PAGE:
1896 Roper Replica
The story of Sylvester Roper and his steam bikes is very well known. Click here for some of the story. He built several of the earliest steam powered two wheeled cycles (although a very great number of other steam vehicles of 3-4 wheels predated his by several decades). I’m not going to waste any time debating who built the first or what the definition of a motorized cycle is. Let’s see some images:
Recently a new replica of Roper’s last bike has been created in Huesca, Spain by Guillermo Ximeno with Manuel Parra and the team at Cometa Restauraciones.
Guillermo first started work two and a half years ago, and Cometa was able to display the bike for the first time this week at the ClassicAutoMadrid 2015. Manuel was kind enough to send over several photos and a description of the bike. Guillermo began with many original 1896 parts, including a Columbia Pope bicycle frame, seat, fork, handlebar and hubs. The team also sourced a period pressure gage, taps, valves, etc. so that the bike seems very authentic. Many parts were blacksmith and locksmith fabricated and also cast via the Galicia foundries.
The photos above show just how well the replica mirrors the original bike. Which is a point that we sometimes overlook. It is much more difficult to make an accurate replica of a machine, or a perfect restoration, than to build a one of a kind custom. Being correct or incorrect is very cut and dried with these bikes as the original must be replicated exactly or the photos will show obvious deviations. We should applaud the best efforts that result in such perfect reproductions.
The motor, valves, cranks and other bits are fully functional. Thus far it has been tested using compressed air, but the firebox has not yet been loaded with coal and burned. Cometa is eager to to that, but has the bike for sale and has chosen to let the new owner decide when to fire it up. The fire will lead to some oxidization, etc. that will slightly diminish the bike’s finishes, hence the wait. But OcchioLungo and our readers will of course want to see the machine being used! And hopefully soon we can share that.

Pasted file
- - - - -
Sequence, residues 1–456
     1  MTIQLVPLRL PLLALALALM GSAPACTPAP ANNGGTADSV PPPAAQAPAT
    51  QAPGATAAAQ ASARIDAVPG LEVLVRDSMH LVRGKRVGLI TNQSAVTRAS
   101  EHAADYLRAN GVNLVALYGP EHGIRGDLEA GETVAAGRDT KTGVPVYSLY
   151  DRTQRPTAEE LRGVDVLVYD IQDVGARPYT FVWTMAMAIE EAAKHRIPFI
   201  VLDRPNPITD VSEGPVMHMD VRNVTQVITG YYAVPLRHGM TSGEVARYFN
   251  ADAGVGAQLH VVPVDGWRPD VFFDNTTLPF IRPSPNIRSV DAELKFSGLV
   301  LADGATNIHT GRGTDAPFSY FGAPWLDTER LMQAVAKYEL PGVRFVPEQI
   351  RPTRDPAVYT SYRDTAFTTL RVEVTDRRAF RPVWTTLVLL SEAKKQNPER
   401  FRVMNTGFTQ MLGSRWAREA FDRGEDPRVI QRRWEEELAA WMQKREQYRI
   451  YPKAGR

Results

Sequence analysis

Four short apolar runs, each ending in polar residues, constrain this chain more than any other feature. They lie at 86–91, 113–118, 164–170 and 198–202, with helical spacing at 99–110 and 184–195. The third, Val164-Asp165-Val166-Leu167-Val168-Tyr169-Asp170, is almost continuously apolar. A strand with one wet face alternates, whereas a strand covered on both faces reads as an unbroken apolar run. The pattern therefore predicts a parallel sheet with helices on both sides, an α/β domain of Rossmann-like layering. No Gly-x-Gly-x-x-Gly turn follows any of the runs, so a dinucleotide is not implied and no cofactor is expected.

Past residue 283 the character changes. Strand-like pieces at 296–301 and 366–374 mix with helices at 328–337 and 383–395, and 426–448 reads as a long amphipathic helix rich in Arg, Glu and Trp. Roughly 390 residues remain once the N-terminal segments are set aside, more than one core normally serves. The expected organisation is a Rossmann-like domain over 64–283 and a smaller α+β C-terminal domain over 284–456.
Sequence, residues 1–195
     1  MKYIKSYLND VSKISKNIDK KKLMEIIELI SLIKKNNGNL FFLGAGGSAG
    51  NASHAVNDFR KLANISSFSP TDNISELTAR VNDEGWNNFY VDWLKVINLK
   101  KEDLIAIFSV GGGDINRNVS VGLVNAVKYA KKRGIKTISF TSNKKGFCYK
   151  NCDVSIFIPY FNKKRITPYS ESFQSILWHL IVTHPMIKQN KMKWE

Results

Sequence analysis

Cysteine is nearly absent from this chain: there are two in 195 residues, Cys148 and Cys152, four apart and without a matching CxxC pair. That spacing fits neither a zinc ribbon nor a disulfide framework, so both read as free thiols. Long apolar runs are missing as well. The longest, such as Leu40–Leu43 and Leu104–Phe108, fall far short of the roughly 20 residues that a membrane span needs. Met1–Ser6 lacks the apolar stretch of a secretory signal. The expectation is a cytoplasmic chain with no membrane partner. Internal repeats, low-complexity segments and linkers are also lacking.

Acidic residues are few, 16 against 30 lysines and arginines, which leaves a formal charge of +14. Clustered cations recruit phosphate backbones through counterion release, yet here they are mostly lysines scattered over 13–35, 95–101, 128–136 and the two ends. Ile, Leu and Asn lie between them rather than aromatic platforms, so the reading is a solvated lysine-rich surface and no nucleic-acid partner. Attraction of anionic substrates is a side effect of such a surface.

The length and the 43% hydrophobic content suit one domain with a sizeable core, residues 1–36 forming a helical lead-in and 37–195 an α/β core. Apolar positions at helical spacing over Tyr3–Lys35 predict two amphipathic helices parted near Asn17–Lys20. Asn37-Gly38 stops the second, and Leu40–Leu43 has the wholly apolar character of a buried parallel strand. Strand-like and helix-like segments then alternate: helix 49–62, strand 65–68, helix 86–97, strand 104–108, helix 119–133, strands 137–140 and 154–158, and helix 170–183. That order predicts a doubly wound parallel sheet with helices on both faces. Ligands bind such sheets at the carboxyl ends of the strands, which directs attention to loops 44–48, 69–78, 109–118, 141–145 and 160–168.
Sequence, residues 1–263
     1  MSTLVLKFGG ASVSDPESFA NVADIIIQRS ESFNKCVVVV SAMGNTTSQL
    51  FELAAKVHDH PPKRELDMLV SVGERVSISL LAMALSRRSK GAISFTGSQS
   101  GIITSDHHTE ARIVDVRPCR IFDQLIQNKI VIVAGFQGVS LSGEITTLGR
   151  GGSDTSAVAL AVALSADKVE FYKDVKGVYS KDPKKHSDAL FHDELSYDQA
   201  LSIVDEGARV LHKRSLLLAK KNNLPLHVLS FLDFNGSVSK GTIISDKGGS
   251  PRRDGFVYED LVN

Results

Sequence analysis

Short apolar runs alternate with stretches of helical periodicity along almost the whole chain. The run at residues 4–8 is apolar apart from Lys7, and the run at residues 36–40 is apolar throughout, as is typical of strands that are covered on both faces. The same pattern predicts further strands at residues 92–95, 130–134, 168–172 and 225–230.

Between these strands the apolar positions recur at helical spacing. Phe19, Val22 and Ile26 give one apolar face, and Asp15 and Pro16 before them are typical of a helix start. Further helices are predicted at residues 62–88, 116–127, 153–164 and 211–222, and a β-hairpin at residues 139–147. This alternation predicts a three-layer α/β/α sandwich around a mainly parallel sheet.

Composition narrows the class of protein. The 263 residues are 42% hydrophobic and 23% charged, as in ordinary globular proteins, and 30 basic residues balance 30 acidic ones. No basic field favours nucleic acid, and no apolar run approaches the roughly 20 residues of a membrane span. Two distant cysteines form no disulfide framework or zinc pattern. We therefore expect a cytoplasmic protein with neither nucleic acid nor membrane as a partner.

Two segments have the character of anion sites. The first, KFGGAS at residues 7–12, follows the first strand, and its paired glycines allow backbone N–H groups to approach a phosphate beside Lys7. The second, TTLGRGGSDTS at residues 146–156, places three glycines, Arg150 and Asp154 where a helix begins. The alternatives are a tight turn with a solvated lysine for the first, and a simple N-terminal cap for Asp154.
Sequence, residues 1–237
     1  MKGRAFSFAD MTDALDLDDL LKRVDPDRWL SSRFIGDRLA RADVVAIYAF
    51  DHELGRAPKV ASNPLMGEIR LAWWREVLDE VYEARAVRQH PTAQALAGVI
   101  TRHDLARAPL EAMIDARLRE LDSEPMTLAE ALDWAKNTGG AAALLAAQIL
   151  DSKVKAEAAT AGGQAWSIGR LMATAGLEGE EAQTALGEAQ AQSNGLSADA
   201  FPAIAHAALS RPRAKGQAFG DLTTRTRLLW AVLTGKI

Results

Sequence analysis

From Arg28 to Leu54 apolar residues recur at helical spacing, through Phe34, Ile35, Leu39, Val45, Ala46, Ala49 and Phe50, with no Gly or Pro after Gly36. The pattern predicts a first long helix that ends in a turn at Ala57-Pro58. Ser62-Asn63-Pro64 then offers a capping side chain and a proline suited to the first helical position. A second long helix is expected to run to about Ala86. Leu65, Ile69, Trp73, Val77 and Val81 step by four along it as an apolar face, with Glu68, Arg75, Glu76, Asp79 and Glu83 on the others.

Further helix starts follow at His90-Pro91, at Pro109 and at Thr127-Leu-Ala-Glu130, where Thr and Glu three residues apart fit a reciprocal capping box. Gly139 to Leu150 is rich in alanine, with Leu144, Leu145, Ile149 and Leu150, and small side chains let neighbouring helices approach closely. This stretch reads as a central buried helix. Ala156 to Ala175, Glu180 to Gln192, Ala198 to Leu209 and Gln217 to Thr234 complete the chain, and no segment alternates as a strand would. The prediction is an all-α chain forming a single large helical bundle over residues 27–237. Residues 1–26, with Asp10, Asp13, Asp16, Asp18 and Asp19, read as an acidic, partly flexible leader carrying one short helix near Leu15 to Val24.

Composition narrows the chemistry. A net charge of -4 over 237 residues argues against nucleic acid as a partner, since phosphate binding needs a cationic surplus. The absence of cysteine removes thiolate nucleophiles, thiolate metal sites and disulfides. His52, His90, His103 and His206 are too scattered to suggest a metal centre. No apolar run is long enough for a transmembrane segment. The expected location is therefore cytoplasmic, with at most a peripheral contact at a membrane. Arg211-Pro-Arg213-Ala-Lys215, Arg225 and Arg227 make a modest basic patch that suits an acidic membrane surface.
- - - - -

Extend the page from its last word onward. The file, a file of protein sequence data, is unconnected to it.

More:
The rear wheel is the crankshaft for the motor. The crank can be seen on the right end of the rear axle, with the connecting rods and valve timing rod linking to the motor. Materials are obviously brass, with some iron, steel and wood. Aluminum would have been useful, but wasn’t commonly available back then.
On the center left is a regulator to control the steam into the motor (it looks a lot like a steam whistle). The operating cable can be seen going upwards, eventually connecting to a lever on the right handlebar and the device operates much like a carb on an internal combustion motor.
Between the two knobs is a sight glass to show the water level. A simple footpeg is on the lower right.
The extension on the front forks was built when Roper found that the bike sat too low, and would high-center on rough terrain. The replica has the same extensions, rather than simply starting with revised frame/fork geometry.
Excellent work guys!
As a special addition to this article, here is a photo of the the real 1896 Roper, taken a few years ago with Chip Perry and Coburn Bensen. Thanks to Chip for sending it! Note the the exhaust pipe is set in the low position here. It can be moved up or down to affect how the exhaust gasses flow.